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Close but no cigar

Close but no cigar

Posted Apr 30, 2009 6:25 UTC (Thu) by khim (subscriber, #9252)
In reply to: KSM tries again by ncm
Parent article: KSM tries again

Of course all such pages come from common block somewhere on Debian's build server. But there are no easy way to track this relationship at all! If you are thinking about shared libraries and such - this is different kettle of fish and THESE pages are shared already. KSM is designed to work with KVM and Xen where identical pages come from different virtual filesystems and thus from different physical places. May be in the future btrfs will change this, but KSM works here and now...

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Memory deduplication by common disk source

Posted May 3, 2009 2:47 UTC (Sun) by giraffedata (subscriber, #1954) [Link]

Your point about KSM working in the here and now is good, but as a question of long term strategy, ncm's is equally good. Maybe KSM should be thought of as a stop-gap.

In the systems where the memory duplication is a big problem, the common disk source of the memory pages is a lot closer than Debian's build server. If you have a hundred virtual machines, you probably did the Debian install once and copied the disk image a hundred times locally.

If that copy is a naive physical copy, then it's still hard for the hypervisor to know that two memory pages have the same ultimate source. But if you apply the same deduplication strategy to the duplicated disk (and there's plenty of work going on to make that a reality), then you have 100 virtual disk devices all sharing the same physical disk blocks and the hypervisor knows it. So it can easily back 100 virtual memory pages with a single real memory page.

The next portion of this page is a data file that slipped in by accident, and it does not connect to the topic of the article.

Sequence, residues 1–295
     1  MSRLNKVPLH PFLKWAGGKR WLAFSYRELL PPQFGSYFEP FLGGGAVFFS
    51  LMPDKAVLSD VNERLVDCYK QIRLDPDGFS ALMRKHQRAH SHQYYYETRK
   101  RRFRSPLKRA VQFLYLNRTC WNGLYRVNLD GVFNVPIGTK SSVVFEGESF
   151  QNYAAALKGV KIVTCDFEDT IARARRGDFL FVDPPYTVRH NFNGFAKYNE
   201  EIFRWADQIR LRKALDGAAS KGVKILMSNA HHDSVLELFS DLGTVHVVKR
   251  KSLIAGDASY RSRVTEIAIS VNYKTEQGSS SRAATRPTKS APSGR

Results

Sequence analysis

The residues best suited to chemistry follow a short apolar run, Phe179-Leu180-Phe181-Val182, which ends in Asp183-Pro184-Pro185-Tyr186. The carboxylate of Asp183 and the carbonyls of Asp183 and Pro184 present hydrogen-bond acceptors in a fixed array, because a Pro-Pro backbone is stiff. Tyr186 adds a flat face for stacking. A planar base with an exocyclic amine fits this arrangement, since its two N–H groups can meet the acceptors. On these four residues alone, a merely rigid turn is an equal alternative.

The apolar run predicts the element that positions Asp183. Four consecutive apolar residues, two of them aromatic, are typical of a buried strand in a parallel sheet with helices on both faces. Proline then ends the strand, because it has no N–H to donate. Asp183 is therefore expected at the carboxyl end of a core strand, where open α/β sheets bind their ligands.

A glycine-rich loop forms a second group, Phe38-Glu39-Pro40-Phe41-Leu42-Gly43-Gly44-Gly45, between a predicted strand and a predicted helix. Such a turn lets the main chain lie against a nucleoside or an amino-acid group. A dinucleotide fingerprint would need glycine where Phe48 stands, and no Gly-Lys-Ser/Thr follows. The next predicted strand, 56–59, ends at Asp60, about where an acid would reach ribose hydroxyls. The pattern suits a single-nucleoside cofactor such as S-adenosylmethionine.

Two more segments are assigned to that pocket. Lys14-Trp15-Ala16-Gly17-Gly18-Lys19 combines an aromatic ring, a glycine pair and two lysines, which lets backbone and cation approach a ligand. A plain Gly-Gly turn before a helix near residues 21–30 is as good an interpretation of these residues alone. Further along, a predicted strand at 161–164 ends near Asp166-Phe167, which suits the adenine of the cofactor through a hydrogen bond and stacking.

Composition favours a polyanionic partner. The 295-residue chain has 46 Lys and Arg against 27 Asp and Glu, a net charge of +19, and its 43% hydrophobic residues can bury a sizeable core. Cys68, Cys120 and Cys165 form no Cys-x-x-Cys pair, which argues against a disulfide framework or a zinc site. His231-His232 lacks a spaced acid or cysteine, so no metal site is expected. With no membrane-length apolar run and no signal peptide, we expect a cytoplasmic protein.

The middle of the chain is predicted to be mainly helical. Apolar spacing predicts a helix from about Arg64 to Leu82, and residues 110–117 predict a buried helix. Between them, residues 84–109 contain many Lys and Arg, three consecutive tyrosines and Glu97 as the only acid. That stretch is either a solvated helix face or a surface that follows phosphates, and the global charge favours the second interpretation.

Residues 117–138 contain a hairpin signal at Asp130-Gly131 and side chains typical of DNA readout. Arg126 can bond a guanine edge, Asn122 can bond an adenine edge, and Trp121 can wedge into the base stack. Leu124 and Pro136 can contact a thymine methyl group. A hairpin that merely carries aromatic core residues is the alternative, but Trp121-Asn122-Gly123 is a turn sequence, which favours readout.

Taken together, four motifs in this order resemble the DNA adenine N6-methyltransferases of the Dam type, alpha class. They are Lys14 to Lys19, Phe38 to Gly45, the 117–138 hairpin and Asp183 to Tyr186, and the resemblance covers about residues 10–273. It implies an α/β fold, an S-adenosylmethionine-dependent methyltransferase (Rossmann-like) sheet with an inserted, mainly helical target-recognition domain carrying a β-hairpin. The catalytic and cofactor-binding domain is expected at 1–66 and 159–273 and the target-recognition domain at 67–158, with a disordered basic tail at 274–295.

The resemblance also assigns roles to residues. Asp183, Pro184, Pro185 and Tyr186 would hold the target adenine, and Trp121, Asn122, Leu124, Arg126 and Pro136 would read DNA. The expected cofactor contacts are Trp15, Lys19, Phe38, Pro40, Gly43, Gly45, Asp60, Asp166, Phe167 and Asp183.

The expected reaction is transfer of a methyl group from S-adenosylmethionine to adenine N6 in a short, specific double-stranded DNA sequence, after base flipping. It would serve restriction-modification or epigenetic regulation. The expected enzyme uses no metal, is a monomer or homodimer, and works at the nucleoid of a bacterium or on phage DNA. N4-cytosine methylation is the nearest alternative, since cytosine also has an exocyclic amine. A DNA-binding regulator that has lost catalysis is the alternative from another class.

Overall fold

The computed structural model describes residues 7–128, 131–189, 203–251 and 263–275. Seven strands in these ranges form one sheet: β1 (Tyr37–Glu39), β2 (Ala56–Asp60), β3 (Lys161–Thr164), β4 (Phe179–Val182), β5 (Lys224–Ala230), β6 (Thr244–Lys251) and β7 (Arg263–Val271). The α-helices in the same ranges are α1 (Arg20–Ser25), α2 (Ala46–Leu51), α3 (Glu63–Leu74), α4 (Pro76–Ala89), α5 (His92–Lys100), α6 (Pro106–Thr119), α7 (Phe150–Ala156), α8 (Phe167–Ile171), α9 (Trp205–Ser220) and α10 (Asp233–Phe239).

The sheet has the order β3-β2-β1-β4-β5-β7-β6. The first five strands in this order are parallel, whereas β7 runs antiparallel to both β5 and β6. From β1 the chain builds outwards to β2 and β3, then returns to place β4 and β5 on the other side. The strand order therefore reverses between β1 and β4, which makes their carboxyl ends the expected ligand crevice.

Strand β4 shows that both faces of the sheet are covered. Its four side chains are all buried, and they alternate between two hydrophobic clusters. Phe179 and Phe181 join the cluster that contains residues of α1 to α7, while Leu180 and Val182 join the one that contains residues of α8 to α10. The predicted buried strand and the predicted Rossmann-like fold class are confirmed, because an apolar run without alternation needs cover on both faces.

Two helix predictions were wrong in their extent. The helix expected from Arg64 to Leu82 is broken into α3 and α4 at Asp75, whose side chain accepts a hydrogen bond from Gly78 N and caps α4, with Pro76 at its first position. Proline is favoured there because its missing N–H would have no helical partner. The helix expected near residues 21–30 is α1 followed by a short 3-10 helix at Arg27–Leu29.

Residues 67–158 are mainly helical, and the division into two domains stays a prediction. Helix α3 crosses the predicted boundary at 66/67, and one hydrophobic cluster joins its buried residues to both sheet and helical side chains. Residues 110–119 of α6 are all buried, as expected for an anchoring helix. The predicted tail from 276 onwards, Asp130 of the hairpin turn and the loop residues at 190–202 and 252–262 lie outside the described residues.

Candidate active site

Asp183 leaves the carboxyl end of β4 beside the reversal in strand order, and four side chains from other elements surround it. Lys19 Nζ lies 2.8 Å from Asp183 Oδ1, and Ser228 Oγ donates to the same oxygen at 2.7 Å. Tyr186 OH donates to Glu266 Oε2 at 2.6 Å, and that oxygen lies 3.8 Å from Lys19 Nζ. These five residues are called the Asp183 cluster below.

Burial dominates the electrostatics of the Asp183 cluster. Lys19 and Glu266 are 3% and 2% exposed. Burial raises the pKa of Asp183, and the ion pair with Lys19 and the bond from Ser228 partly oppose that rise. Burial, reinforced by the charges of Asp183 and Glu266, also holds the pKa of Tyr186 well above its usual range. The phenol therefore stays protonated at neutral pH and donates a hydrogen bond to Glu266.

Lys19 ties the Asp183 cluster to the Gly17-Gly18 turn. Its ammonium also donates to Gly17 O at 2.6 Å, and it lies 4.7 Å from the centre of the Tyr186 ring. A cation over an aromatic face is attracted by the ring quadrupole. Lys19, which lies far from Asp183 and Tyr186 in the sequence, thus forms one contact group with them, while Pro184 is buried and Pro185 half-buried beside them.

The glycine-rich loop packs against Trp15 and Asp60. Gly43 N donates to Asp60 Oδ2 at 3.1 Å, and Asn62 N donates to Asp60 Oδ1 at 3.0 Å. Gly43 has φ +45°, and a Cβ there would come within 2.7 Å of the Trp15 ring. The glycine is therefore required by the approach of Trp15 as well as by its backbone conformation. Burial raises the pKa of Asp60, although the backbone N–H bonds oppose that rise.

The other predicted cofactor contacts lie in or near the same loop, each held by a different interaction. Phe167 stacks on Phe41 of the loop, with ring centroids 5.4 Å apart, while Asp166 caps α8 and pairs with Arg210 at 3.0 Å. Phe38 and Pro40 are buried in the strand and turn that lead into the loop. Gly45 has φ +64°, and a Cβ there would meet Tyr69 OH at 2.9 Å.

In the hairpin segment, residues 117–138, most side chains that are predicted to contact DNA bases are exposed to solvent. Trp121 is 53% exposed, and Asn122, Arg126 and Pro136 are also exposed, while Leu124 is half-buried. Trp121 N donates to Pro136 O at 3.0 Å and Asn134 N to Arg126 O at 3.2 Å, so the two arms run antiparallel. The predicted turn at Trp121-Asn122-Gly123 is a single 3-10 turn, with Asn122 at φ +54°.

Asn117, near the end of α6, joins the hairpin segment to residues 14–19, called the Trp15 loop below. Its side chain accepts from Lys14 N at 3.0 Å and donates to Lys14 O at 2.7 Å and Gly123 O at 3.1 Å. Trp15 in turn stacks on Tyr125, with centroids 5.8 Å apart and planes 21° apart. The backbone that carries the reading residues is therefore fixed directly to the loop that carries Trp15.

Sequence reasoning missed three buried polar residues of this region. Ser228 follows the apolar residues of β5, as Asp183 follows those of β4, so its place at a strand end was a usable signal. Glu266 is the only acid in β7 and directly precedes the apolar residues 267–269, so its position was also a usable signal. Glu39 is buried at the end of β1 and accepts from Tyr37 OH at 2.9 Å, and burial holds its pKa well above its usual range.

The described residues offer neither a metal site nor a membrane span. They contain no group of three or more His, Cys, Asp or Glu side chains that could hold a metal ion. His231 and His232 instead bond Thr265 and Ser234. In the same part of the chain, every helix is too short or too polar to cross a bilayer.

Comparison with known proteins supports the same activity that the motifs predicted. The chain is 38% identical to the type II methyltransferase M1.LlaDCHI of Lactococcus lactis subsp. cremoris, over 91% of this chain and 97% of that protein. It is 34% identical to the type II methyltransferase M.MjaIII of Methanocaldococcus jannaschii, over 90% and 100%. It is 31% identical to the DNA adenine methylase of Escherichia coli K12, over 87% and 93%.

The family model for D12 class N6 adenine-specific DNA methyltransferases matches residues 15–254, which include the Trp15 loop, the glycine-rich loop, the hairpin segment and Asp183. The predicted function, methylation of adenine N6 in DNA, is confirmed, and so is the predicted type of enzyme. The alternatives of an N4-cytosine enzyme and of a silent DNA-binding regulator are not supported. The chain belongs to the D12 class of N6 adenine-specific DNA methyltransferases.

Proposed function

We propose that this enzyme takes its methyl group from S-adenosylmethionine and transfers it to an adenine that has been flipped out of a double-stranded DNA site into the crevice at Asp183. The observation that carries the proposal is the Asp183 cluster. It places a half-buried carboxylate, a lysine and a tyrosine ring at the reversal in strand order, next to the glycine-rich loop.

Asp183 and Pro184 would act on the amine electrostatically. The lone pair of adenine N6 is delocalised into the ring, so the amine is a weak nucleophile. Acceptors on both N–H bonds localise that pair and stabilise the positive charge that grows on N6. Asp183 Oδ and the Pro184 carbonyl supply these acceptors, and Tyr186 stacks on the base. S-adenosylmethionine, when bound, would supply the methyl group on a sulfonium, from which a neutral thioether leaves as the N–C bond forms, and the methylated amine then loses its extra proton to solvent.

Memory deduplication by common disk source

Posted Nov 22, 2009 21:26 UTC (Sun) by kabloom (guest, #59417) [Link]

There's another situation where this is useful: interpreted languages. Supposing you run a rails app on your server. To take advantage of concurrency you fork the rails app several times. All of the Rails code (parsed already, and byte-compiled if you're on Ruby 1.9) is on Copy-on-write pages. (Ruby Enterprise Edition is intended to keep the garbage collector from writing to those pages.) Now suppose you run several apps but they don't come about by forking. The Rails code (parsed or byte-compiled) can't be traced back to a single disk block (because it's been parsed) but it's probably got the same page layout despite being loaded in different interpreters. Here, KSM should help.

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